This page is for a previous semester (Spring 2024). Please visit this page to select a more recent semester to find updated details.

In Spring 2024 we are doing a SECOND PILOT of offering sections of the “EN1: Applications in Engineering” course during the Spring semester. The “EN1” course (an Introduction to Engineering experience) is typically taken in the first-semester of your first year; but for a variety of reasons some students can not/do not take it then, so here is an experiment in offering sections of EN1 in the Spring semester.

Course Description:

Introduction of various concepts in engineering. Emphasis on project work, engineering ethics, and engineering design process. Discipline topic areas vary each term. Note: Spring EN1 sections are NOT limited to first-year students.

EN1 Sections (Fall 2023):

Section 01: Equitable and Inclusive Civil Infrastructure (Chris Swan, Civil Engineering)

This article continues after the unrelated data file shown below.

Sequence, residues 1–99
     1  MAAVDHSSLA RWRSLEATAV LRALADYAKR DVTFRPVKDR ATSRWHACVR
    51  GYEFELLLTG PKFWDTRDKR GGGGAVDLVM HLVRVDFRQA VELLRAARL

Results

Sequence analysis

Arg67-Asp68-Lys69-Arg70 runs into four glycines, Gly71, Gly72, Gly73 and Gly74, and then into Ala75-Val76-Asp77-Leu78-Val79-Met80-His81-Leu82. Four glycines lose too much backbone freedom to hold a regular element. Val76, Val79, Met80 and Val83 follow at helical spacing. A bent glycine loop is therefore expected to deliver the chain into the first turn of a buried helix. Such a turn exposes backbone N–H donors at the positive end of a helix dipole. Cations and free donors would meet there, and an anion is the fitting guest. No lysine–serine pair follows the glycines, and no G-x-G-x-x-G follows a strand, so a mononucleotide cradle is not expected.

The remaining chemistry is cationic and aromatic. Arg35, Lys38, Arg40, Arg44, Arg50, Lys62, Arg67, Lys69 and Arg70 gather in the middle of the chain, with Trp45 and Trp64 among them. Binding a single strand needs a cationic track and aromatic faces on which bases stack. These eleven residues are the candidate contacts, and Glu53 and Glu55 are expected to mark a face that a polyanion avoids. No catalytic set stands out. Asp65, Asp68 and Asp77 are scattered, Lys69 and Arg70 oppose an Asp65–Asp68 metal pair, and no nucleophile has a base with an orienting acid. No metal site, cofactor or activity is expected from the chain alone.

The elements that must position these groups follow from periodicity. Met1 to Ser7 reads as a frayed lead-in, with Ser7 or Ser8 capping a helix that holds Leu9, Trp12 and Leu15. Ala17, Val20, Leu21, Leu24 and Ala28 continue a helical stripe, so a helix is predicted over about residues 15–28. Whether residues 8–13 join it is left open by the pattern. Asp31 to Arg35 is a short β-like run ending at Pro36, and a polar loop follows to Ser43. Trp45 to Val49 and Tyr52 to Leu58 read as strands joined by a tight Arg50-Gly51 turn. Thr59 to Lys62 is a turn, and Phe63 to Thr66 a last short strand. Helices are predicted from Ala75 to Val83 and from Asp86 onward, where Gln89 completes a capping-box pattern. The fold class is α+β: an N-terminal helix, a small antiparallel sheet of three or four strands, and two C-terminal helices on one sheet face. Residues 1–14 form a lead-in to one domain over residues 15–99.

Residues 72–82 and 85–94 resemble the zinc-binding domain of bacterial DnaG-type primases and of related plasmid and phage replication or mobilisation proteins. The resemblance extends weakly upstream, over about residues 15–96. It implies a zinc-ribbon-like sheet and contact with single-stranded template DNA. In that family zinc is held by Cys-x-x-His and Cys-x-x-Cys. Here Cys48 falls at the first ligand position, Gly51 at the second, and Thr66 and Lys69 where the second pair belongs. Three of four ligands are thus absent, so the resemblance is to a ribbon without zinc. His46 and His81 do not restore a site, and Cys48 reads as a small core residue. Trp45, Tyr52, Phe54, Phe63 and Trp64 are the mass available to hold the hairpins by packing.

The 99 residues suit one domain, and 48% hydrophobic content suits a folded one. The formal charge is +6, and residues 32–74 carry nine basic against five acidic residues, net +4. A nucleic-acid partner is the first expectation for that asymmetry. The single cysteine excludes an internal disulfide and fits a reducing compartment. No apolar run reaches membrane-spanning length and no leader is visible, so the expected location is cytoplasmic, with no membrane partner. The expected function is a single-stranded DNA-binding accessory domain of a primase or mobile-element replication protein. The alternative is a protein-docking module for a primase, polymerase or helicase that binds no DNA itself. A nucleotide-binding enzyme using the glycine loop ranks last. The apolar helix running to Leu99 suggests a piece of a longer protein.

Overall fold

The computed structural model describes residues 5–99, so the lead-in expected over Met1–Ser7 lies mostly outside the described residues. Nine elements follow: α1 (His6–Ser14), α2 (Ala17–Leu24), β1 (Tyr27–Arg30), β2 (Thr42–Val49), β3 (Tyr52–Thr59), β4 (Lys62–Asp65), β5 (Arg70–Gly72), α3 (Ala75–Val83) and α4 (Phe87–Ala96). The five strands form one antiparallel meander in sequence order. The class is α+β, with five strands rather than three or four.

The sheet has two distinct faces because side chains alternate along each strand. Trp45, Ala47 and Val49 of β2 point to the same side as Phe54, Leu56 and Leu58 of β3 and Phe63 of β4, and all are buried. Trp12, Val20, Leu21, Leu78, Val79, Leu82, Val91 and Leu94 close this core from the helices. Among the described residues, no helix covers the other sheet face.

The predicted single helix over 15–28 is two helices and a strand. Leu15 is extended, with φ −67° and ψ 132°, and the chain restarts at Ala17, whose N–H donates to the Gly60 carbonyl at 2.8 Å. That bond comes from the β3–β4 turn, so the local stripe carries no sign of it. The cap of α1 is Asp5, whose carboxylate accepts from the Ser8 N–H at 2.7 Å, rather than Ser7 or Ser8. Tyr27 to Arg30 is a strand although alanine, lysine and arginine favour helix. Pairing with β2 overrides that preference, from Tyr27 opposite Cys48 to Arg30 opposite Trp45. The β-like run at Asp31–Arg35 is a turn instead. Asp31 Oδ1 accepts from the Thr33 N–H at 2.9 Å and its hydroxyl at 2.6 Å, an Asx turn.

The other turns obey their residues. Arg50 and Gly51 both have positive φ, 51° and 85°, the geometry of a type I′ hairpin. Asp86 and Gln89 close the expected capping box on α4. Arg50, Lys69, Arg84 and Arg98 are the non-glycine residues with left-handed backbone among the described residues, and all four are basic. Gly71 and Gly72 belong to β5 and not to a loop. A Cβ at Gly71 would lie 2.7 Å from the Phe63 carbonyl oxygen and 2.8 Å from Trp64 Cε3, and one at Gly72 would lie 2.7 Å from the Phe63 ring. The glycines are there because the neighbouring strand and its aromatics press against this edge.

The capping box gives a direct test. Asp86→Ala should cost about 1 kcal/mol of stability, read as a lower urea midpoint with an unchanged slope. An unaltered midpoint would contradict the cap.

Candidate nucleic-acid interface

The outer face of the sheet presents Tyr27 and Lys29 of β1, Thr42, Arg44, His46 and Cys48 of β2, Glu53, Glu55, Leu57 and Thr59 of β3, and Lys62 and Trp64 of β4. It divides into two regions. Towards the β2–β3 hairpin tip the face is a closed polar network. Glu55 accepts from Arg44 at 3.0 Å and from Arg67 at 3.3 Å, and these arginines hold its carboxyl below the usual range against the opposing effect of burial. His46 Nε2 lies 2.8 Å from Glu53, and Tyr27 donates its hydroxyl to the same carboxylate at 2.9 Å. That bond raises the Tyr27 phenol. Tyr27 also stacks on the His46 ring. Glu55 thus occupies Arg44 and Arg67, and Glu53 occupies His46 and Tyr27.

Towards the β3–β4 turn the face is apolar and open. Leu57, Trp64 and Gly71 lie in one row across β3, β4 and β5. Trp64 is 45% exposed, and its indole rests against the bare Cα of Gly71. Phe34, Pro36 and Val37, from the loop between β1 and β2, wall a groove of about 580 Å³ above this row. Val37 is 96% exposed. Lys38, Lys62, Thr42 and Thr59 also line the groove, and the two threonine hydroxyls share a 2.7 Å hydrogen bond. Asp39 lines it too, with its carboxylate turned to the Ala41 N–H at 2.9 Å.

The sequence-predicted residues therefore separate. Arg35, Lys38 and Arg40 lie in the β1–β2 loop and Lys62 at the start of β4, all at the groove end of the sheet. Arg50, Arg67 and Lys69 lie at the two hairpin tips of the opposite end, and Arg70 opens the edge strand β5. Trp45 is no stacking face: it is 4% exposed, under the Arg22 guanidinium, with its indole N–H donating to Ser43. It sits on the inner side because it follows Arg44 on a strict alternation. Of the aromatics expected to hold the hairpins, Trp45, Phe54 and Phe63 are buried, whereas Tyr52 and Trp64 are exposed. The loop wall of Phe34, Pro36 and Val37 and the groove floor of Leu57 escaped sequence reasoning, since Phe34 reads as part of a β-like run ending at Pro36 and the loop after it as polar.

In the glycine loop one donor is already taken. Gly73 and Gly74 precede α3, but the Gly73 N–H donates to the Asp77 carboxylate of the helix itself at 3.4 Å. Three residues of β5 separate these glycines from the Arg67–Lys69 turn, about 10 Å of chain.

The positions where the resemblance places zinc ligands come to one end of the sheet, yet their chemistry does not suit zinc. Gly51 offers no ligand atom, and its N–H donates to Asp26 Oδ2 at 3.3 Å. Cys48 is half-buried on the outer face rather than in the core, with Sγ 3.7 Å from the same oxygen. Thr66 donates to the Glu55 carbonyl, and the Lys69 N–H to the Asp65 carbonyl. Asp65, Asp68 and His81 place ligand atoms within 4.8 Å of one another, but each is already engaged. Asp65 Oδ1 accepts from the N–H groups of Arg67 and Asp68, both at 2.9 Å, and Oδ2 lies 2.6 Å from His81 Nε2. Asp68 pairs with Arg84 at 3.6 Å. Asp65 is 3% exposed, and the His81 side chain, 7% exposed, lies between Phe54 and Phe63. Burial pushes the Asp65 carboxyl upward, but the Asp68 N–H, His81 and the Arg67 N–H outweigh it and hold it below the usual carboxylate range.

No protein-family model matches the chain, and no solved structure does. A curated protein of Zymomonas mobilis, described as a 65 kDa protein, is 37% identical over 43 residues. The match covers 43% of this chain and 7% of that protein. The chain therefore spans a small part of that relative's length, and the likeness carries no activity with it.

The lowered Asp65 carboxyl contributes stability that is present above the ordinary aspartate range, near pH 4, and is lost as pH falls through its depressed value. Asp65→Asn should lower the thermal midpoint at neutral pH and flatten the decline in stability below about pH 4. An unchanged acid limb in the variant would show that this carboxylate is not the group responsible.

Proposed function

Section 02: Intro to Renewable Energy (Thomas Vandervelde, ECE)

Section 01: Equitable and Inclusive Civil Infrastructure

This course introduces civil infrastructure; with a focus on transportation, water, energy, and waste management components. Both the technical and professional aspects of these components will be explored. In addition, the course focuses on concepts of equitable and inclusive development of infrastructure, whether in the creation of new or in the renovation of existing elements. (Chris Swan, Civil and Environmental Engineering)

Section 02: Intro to Renewable Energy

We will examine renewable energy generation technologies with a critical eye; including, the examination of the way the media portrays energy technologies. We will explore the renewable energy technology of today as well as future prospects. We will look at the natural resource requirements of energy systems as well as their environmental and economic impacts. While going off the grid sounds like a great idea, it is a complex problem to be solved. Solar and wind energy sources require a lot of land; additionally, they are not constant with time, and efficient energy storage technology does not exist. Labs will give the student a hands-on sense for the energy generation process and its complexity. (Thomas Vandervelde, Electrical and Computer Engineering)

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